These two authors contributed equally to this work.
Dominant-negative STAT1 SH2 domain mutations in unrelated patients with mendelian susceptibility to mycobacterial disease†
Article first published online: 7 JUN 2012
© 2012 Wiley Periodicals, Inc.
Special Issue: Databases in Neurogenetics
Volume 33, Issue 9, pages 1377–1387, September 2012
How to Cite
Tsumura, M., Okada, S., Sakai, H., Yasunaga, S., Ohtsubo, M., Murata, T., Obata, H., Yasumi, T., Kong, X.-F., Abhyankar, A., Heike, T., Nakahata, T., Nishikomori, R., Al-Muhsen, S., Boisson-Dupuis, S., Casanova, J.-L., AlZahrani, M., Shehri, M. A., ElGhazali, G., Takihara, Y. and Kobayashi, M. (2012), Dominant-negative STAT1 SH2 domain mutations in unrelated patients with mendelian susceptibility to mycobacterial disease. Hum. Mutat., 33: 1377–1387. doi: 10.1002/humu.22113
Communicated by Jacques S. Beckmann
- Issue published online: 13 AUG 2012
- Article first published online: 7 JUN 2012
- Accepted manuscript online: 9 MAY 2012 03:54PM EST
- Manuscript Accepted: 30 APR 2012
- Manuscript Received: 13 FEB 2012
- Grants in Aid for Scientific Research from the Japan Society for the Promotion of Science (20790731 to S.O); Grants-in Aid for Scientific Research from the Ministry of Education, Culture, Sport, Science and Technology of Japan (22591161 to M.K.); Research on Measures for Intractable Diseases funding from the Japanese Ministry of Health, Labor and Welfare (H22-Nanchi-ippan-078 to M.K.); grants from the Bill and Melinda Gates Foundation, the St. Giles Foundation, the Jeffrey Modell Foundation and Talecris Biotherapeutics, the Rockefeller University Center for Clinical and Translational Science (5UL1RR024143-03), the Rockefeller University, and the National Institute of Allergy and Infectious Diseases (1R01AI089970-01) supported the Laboratory of Human Genetics of Infectious Diseases; Analysis Center of Life Science, Hiroshima University supported Sequence analysis.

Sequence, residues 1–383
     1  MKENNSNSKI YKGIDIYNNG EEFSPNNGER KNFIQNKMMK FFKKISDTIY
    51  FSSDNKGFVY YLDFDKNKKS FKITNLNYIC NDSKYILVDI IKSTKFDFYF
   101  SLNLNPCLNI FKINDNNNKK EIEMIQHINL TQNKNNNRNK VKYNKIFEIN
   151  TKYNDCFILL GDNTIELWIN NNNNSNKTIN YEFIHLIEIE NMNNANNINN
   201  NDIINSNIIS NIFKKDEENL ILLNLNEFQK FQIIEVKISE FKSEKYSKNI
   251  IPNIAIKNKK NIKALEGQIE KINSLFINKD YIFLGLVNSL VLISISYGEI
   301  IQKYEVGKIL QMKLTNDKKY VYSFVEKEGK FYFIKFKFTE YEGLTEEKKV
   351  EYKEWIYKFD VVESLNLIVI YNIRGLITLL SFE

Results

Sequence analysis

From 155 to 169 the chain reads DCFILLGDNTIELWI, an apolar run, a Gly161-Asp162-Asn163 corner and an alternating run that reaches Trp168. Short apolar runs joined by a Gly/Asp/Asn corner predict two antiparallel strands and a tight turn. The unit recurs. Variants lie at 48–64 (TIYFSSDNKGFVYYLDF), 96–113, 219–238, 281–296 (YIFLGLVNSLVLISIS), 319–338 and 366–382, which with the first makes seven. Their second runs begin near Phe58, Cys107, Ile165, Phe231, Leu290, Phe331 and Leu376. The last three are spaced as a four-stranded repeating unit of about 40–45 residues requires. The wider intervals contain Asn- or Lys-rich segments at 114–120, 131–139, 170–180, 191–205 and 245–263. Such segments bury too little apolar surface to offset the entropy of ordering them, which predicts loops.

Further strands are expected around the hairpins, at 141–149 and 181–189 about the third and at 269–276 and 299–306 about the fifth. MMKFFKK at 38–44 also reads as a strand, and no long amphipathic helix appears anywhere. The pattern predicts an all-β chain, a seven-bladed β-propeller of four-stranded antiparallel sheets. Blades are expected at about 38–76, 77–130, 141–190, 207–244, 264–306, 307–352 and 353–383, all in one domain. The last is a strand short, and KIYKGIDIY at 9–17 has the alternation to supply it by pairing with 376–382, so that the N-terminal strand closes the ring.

- dominant-negative effect
Patients carrying two loss-of-function (or hypomorphic) alleles of STAT1 are vulnerable to intracellular bacterial and viral diseases. Heterozygosity for loss-of-function dominant-negative mutations in STAT1 is responsible for autosomal dominant (AD) Mendelian susceptibility to mycobacterial disease (MSMD), whereas heterozygosity for gain-of-function loss-of-dephosphorylation mutations causes AD chronic mucocutaneous candidiasis (CMC). The two previously reported types of AD MSMD-causing STAT1 mutations are located in the tail segment domain (p.L706S) or in the DNA-binding domain (p.E320Q and p.Q463H), whereas the AD CMC-causing mutations are located in the coiled-coil domain. We identified two cases with AD-STAT1 deficiency in two unrelated patients from Japan and Saudi Arabia carrying heterozygous missense mutations affecting the SH2 domain (p.K637E and p.K673R). p.K673R is a hypomorphic mutation that impairs STAT1 tyrosine phosphorylation, whereas the p.K637E mutation is null and affects both STAT1 phosphorylation and DNA-binding activity. Both alleles are dominant negative and result in impaired STAT1-mediated cellular responses to interferon (IFN)-γ and IL-27. In contrast, STAT1-mediated cellular responses against IFN-α and IFN-λ1 were preserved at normal levels in patients' cells. We describe here the first dominant mutations in the SH2 domain of STAT1, revealing the importance of this domain for tyrosine phosphorylation and DNA binding, as well as for antimycobacterial immunity. Hum Mutat 33:1377–1387, 2012. © 2012 Wiley Periodicals, Inc.